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Kenneth Lonergan's typically nuanced characters keep us guessing in Lobby Hero

His 2001 play Lobby Hero – about to receive a local production by new Melbourne theatre company Around the Moon Productions – is similarly low-key on the surface. It’s a four-hander set entirely in the lobby of a New York apartment building, and is mostly dialogue-driven. It’s also utterly compelling.

Lonergan attributes his low-key approach to growing up in the 1970s. “You go down a list of ‘70s movies year by year, the sheer number of not just good but great movies every single year is very embarrassing if you happen to be in one of the subsequent decades.

‘‘But it was pretty standard fare in the ‘70s to have quiet movies with real characters on not necessarily predictable arcs, not teaching little lessons and adages by the end, not learning and growing and believing in themselves as the standard through-line for each story. I think I grew up in that tradition and it’s the tradition that I lean towards most naturally.’’

Lobby Hero is dripping with Lonergan’s signature mix of whipcrack humour and deep, textured characterisation. It follows the sparring between two security guards and two cops in the lobby that the former pair guard, and ripples with the rivalry, envy, lust and fear they inspire in one other. Allegiances are formed and broken, trust is betrayed, empathy rises from unexpected quarters.

It grew from an image Lonergan had of a man and a woman who are dressed in nearly identical uniforms, but only the woman is armed. ‘‘All the different layers of status involved in that, and him being attracted to her while she’s trying to be an officer, and the division between her professional behaviour and her personal feelings. The imposition upon her is much more rigid than it is on him. On the other hand she’s the one with a gun, so her status is way higher.’’

Playwrights and actors often bang on about status – which character has the upper hand and which the lower during a particular scene. Lonergan makes all that look like baby talk. At any point in his writing a character might be aggressive, fragile, dominant and self-deprecating all at once. Throw another few people into the same scene and you have relational dynamics that swirl and eddy to a dizzying degree.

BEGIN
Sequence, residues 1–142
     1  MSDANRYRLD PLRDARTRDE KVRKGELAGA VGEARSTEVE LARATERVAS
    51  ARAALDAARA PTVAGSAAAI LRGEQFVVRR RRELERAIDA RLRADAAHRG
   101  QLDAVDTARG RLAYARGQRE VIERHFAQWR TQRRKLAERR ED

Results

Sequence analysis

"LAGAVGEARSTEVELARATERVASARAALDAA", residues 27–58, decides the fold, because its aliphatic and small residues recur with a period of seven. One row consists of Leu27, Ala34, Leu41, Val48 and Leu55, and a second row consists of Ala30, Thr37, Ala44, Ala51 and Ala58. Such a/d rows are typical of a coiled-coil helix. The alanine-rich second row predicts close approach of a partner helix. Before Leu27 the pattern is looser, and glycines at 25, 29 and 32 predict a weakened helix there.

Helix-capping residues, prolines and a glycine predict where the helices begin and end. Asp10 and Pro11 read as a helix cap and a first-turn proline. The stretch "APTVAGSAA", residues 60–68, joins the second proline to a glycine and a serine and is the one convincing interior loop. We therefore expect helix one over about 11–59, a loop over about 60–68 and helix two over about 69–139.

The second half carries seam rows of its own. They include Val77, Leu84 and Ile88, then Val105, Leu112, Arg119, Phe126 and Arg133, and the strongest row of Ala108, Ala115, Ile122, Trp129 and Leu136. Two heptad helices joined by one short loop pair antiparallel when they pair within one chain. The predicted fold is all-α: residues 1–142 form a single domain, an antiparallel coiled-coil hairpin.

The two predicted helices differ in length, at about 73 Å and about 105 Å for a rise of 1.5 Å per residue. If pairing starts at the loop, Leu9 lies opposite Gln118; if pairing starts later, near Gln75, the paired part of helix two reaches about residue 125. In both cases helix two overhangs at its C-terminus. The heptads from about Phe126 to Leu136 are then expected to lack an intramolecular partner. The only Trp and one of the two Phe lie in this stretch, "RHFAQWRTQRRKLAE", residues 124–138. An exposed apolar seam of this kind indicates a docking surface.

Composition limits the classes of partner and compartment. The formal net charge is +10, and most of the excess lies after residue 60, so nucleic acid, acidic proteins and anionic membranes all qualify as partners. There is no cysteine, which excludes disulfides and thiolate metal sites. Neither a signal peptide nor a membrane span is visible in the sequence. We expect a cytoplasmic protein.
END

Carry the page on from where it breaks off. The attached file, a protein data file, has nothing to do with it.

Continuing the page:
“That’s one of the things that I tend to notice so it’s one of the things I tend to write about,” he says. “The obvious example is when you’re a kid and you see one of your parents at a disadvantage in the grown-up world, and it rocks your impression of them completely, and your whole sense of the order of the world. You start to see all those layers in their lives that have nothing to do with their role as your parent.”


Take Bill, the closest Lobby Hero has to a bad guy. He’s a police officer you loathe from the moment he’s introduced, hitting on his younger partner, lying to the submissive security guards and ordering them to lie for him in return, and eventually wielding his symbolic authority with all the violence of a real baton. At the same time, he’s a great cop.

‘‘There are good police officers and bad police officers but most police officers run straight into dangerous situations that most of us would run away from,’’ Lonergan says. ‘‘That may be machismo but I’m glad somebody’s willing to do it and it’s certainly not me.’’

His works are often praised for their compassion and humanity, but for Lonergan writing complex characters is just doing his job to the best of his ability.

‘‘With most people there’s something about them that is impressive or interesting or laudable and if you leave that out it makes it easier to dismiss the character. From a purely creative point of view you want the character to be as full as possible and if you’re trying to be true to life you can only make someone dismissible by leaving out half their personality.’’

It’s vital that Bill has charisma, he says, or you’re left with a moustache-twirling villain. When Lobby Hero received a critically-adored revival on Broadway in 2017, the role went to Hollywood actor Chris Evans – better known as Marvel’s Captain America.


Except of Article written by John Bailey as seen in The Age 12.10.19

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